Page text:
Cancer scan shows ‘in days’ whether drug is working

The team will continue to collect and analyse results to see if the technology can provide and an accurate early snapshot of how well drugs destroy tumours. Picture: PA

The team will continue to collect and analyse results to see if the technology can provide and an accurate early snapshot of how well drugs destroy tumours. Picture: PA

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The first cancer patient in Europe has been scanned using a new imaging technique that could show doctors whether a drug is working for the patient within days of starting treatment.

The landmark trial, which is taking place at Addenbrooke’s Hospital, in Cambridge, could help to tailor patients’ treatments by pointing out almost immediately which drugs are not affecting their cancer.

It could mean doctors will find out quickly if treatment is working, instead of waiting to see if tumour shrinks

Dr FERDIA GALLAGHER

Scientists injected the unnamed patient with a breakdown product of glucose called pyruvate, labelled with a non-radioactive form of carbon, called carbon 13 (C-13).

This makes it 10,000 times more likely to be detected by a MRI scan so experts can track the molecule as it moves around the body.

The scan then monitors how quickly cancer cells break pyruvate down, showing doctors how active the cells are and whether or not a drug has been effective at killing them. This is the first time this technique has been tried in Europe.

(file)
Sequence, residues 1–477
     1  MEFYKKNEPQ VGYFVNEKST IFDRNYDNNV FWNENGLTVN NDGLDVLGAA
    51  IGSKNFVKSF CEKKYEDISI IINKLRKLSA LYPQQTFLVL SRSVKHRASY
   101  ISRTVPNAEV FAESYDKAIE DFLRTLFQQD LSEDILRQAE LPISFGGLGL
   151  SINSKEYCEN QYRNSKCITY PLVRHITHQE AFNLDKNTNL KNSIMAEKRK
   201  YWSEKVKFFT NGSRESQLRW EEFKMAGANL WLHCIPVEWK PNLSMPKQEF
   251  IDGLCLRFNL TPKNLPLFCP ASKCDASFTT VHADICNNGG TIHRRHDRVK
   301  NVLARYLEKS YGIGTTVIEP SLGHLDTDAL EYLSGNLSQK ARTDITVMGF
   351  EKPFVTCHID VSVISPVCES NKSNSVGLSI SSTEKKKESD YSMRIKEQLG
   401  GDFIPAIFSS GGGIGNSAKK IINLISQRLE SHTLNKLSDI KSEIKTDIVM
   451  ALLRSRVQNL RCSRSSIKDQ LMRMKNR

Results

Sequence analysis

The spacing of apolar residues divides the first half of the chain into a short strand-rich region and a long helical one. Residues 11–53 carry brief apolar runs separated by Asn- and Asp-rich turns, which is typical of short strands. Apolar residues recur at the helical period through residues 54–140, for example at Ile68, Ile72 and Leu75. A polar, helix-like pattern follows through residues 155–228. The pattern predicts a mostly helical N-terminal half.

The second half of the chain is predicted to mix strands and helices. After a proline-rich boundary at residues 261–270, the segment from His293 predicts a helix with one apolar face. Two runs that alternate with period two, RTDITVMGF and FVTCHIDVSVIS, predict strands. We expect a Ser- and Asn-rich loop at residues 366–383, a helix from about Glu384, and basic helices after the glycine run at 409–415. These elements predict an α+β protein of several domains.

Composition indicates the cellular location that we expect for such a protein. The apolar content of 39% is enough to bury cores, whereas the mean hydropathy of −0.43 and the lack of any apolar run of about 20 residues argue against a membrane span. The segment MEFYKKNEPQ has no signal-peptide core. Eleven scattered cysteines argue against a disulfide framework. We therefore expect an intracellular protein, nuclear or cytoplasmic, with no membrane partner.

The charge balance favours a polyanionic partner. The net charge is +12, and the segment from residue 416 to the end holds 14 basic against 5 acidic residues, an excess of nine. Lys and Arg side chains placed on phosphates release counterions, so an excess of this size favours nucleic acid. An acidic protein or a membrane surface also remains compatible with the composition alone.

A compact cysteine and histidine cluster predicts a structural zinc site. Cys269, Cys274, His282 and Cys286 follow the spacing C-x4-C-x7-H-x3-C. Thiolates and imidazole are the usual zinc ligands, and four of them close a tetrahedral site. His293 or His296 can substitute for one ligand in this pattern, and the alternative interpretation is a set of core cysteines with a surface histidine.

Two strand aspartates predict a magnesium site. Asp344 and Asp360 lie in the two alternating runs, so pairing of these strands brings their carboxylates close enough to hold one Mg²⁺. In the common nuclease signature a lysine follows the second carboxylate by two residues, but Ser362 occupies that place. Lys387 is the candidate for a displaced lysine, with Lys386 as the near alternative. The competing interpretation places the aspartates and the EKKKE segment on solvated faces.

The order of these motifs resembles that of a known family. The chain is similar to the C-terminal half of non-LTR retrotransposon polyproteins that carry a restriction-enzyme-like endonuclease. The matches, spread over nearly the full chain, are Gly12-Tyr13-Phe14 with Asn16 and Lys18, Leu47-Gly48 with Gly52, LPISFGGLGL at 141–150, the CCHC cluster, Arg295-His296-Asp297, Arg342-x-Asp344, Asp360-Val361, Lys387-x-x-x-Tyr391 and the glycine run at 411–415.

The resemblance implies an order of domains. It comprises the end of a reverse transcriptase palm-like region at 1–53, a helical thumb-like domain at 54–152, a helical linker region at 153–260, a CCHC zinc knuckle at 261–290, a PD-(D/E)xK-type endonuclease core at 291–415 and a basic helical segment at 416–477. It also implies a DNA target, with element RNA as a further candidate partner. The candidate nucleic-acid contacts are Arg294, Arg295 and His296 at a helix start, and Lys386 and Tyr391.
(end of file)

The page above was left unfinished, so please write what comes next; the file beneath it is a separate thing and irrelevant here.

Professor Kevin Brindle, co-lead based at the Cancer Research UK Cambridge Institute, said: “We’re very excited to be the first group outside North America, and the third group world-wide, to test this with patients and we hope that it will soon help improve treatment by putting to an end patients being given treatments that aren’t working for them.

“Each person’s cancer is different and this technique could help us tailor a patient’s treatment more quickly than before.”

Experts hope the scan could allow doctors to map molecular changes in patients, opening up potential new ways to detect cancer and monitor the effects of treatment.

Dr Ferdia Gallagher, from Cambridge University’s department of radiology, said: “It’s fantastic that we can now try this technique in patients.

“We hope this will progress the way cancer treatment is given and make therapy more effective in the future.

“This new technique could potentially mean that doctors will find out much more quickly if a treatment is working for their patient instead of waiting to see if a tumour shrinks.”

The team will continue to collect and analyse results to see if the technology can provide and an accurate early snapshot of how well drugs destroy tumours.

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